Even now after years of studying theology I often hear wrong teachings by good people!  Did you know that to use the Lord’s name in vain has nothing to do with cussing, but has to do with acting in a way contrary to the nature of God and calling it Godly?  When someone cusses using a name we attribute to God, though inappropriate, it isn’t technically using the Lord’s name in vain.  The Crusades would be an example of using God’s name in vain.  Under the banner of Christianity they did something quite contrary to the nature of Christ.

I can’t tell you how amazed I am at how much false teaching there is out there when it pertains to the Bible, but are they all heretics?

Believe it or not, this isn’t a new problem.  The inception of the church left our early spiritual fathers to wrestle through cultural differences and theological discrepancies.  Creeds were formed all to bring light to what is core.  Since the Chalcedonian, Nicene, and Apostle’s creeds, theologians have been seeking to define what is core.  There is another piece of this though, 2 Peter 2:1-10 teaches that the heart’s intent along with the content of the teaching is what makes someone a false teacher.  The difference between an immature growing Christian lacking in Scriptural knowledge and a dangerous heretical teacher is absolutely content of teaching, yet we should also pay close attention to content of character.  Christian, don’t just grow in knowledge grow in character!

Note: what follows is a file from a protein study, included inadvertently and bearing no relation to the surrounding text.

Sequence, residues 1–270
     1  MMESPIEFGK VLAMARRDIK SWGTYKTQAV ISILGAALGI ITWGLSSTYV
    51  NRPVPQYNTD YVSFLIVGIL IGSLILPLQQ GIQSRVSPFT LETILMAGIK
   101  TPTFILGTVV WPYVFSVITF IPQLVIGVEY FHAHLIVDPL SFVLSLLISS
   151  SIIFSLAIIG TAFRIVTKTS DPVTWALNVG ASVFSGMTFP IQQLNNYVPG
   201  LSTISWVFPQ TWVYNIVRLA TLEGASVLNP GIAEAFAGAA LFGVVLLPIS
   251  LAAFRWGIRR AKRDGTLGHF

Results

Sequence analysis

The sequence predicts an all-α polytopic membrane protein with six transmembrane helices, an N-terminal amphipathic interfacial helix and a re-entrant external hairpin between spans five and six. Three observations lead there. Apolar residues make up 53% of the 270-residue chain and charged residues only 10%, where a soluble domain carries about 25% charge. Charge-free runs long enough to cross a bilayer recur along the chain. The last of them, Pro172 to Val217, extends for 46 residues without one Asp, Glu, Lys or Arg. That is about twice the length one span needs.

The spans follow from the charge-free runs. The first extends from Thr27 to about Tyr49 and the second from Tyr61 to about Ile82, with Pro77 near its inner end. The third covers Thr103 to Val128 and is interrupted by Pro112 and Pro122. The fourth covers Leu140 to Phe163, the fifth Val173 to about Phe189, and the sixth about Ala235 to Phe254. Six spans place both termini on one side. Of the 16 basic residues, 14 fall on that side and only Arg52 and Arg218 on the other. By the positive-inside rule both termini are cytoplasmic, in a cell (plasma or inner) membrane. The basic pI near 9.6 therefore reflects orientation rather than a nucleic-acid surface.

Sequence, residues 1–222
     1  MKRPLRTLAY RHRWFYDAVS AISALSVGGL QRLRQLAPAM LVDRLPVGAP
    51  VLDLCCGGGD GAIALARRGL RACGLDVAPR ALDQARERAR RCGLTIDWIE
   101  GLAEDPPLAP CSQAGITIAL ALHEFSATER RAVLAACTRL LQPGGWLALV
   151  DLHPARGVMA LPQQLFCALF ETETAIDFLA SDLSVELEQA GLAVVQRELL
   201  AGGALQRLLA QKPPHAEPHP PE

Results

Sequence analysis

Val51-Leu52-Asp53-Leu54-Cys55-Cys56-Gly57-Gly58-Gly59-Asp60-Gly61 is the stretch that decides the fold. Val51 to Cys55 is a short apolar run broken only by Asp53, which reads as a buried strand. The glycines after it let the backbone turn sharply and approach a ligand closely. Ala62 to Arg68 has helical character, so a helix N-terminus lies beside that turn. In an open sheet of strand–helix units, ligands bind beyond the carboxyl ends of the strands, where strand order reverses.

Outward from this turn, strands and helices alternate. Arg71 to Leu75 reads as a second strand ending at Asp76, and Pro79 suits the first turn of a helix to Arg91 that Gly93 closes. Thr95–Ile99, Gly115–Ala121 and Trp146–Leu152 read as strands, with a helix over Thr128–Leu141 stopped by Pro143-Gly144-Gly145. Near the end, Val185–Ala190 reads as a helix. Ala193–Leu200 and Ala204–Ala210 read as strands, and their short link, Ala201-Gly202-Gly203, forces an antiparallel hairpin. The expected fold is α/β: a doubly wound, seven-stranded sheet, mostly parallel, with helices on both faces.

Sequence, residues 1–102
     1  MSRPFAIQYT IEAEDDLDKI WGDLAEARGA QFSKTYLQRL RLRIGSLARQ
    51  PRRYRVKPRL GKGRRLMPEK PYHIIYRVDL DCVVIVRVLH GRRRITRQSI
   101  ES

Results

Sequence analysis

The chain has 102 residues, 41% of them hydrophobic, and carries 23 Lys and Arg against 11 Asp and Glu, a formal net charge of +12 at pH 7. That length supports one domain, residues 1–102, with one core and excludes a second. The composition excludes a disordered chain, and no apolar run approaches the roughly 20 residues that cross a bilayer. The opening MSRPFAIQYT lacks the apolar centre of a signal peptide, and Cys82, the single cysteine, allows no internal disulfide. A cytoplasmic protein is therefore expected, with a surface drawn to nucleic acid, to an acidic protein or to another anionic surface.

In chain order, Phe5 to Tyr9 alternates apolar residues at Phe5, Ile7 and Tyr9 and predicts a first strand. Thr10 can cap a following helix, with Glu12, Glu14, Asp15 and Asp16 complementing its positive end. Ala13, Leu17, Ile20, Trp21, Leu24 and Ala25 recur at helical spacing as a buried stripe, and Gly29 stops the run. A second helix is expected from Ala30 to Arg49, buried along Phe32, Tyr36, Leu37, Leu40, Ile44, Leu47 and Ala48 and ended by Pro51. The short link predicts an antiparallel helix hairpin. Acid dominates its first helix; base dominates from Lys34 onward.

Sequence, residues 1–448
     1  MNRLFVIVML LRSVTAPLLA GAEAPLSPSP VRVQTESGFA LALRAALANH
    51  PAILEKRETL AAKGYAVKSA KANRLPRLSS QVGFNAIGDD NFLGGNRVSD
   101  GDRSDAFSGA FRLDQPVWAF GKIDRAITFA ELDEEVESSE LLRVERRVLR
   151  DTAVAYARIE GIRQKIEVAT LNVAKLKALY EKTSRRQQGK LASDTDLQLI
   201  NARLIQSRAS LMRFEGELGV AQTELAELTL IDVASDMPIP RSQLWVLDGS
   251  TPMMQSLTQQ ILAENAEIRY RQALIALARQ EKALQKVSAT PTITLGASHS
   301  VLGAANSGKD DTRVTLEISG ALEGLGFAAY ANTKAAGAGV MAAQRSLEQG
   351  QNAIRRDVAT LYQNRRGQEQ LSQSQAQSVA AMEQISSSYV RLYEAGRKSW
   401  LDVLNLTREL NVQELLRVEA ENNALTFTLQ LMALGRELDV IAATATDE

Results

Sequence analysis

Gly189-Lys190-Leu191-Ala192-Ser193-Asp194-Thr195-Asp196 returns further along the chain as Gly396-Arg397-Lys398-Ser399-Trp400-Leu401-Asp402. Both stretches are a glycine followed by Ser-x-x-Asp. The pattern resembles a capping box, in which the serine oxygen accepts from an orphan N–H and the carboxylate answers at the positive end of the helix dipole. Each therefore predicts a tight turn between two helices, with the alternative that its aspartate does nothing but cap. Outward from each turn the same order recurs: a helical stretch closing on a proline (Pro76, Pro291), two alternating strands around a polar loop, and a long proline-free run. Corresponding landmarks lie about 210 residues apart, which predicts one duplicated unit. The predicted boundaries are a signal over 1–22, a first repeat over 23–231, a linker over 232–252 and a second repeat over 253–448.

Here are a few questions to ask yourself.

  1. Do I line up with scripture in what I teach?
  2. Do I line up with scripture in how I live?

Just maybe some Christians out there have great scriptural knowledge, but are heretics of character!

Cultures colliding as we become one. “E. Pluribus Unum”

“E. Pluribus Unum” (Out of many, one)